THE WILDLIFE HABITAT COUNCIL IS WORTH SUPPORTING

by Whit Gibbons


July 30, 2006


No more meaningful environmental declaration can be made than that of the Wildlife Habitat Council (WHC): "The future of conservation lies not just in protecting public lands, but also in turning private lands into meaningful wildlife habitat by involving companies and people in the process." WHC appears to me to be one of the most well-meaning, and potentially effective, environmentalist groups operating today. The programs it espouses seem to me to be among the most supportive of local community environmental and conservation efforts.

The nonprofit WHC is much younger than many of the better known "environmental groups." WHC was established in 1988 as an innovative concept in which business would contribute to and benefit from conservation efforts. The ultimate vision of WHC and those involved in its programs is "to conserve and restore natural ecosystems for the benefit of humanity and the earth’s biological diversity." The corporations, conservation organizations, and dedicated individuals that comprise WHC have set as their goal the enhancement of existing wildlife habitat and the restoration of habitat that has been degraded or destroyed. Their ultimate objective is to benefit natural habitats and native wildlife. A primary means of achieving this goal is to encourage corporate landowners to manage unused lands in ways that are natural and ecologically sensitive to the land, water, and wildlife.

Savvy conservationists have known since the days of Aldo Leopold that protection and preservation of natural habitats and all wildlife can only be accomplished through cooperative effort. And cooperative effort requires public support. Environmental sensibility cannot be legislated, and it cannot be bought. It happens because people feel they are stakeholders and beneficiaries in the preservation and restoration process. WHC seems to understand that reality and to be taking the right approach to achieve it. Today, managed wildlife projects involving more than a thousand corporate facilities in 48 states, Puerto Rico, and 16 countries are assisted by WHC. More than 2 million acres are better off because of them.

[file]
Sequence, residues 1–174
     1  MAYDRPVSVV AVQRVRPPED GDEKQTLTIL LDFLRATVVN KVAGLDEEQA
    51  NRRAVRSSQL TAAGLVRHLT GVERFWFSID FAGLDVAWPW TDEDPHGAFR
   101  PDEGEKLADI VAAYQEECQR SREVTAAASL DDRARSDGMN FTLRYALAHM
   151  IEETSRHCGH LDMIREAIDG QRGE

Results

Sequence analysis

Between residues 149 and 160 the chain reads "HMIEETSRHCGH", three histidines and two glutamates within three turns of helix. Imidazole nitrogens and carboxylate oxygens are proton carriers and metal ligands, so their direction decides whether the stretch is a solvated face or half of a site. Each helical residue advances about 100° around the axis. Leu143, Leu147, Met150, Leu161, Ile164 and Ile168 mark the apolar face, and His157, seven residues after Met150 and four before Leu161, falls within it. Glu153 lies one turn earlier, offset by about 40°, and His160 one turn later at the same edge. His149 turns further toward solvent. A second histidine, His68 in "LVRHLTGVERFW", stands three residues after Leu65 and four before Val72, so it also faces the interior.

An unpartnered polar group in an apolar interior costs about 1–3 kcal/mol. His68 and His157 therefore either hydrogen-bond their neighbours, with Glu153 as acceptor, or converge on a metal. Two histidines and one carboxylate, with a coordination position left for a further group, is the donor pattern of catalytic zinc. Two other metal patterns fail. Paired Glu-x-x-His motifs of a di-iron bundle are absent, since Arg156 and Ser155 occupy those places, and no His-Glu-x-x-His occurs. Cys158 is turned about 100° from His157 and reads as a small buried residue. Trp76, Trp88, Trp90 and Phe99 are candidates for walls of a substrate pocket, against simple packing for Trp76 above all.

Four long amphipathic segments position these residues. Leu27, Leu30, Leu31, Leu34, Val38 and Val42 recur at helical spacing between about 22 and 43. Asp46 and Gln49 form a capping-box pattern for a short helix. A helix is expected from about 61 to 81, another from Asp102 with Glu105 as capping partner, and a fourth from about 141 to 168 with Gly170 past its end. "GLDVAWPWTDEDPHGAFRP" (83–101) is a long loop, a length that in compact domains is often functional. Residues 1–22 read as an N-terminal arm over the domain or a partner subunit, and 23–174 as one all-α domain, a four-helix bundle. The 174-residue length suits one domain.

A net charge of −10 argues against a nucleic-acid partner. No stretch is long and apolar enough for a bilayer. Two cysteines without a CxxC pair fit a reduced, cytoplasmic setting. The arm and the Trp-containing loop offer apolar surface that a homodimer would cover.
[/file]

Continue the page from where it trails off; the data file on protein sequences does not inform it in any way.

WHC "Wildlife at Work" programs are developed by employee volunteers who create wildlife teams, which are further assisted by groups from the local community--garden clubs, civic organizations, scout troops, retirement villages, and schools. Government agencies are also encouraged to become partners in the effort. Established "Wildlife at Work" programs may become recognized as "certified corporate wildlife habitats through WHC’s Corporate Habitat Certification/International Accreditation Program." In an associated activity, a corporate site with an effective environmental education and outreach program can become certified through the "Corporate Lands for Learning" program.

Examples of ways in which WHC programs have used lands of corporate partners to facilitate native wildlife include restoring wetlands, developing wildflower meadows and pollinator gardens, and creating protective buffer zones along streams and rivers. Some of the efforts are structural enhancements, such as creating brush or rock piles for wildlife refuges and hibernacula; placing basking logs and floating islands in water; and setting out bee boxes, nest boxes, and raptor perches. Simply developing an environmentally positive attitude among managers and employees of a company is a highly constructive conservation step.

I agree with the stated benefits of a WHC program, which include improved employee morale, stronger community relations, increased public recognition, and better relations with federal and state regulatory agencies. And I applaud the obvious results of the program itself: enhanced wildlife habitat protection, restoration of biodiversity, and opportunities for environmental education.

Companies, private or public, that receive WHC awards because they have developed effective projects of on-the-ground habitat modifications and environmental education programs deserve public recognition and support. Check out the Web site www.wildlifehc.org and see which companies you think deserve some credit. Or if you work for or know of a company that might benefit from being involved in the Wildlife Habitat Council programs, visit the Web site to find out how that company can do its part for the community and the environment--and simultaneously benefit from its conservation efforts.

I know I am more interested in supporting the products and services of a company doing its part for environmental sensibility than one that clearly is not. I bet many other people feel the same way.



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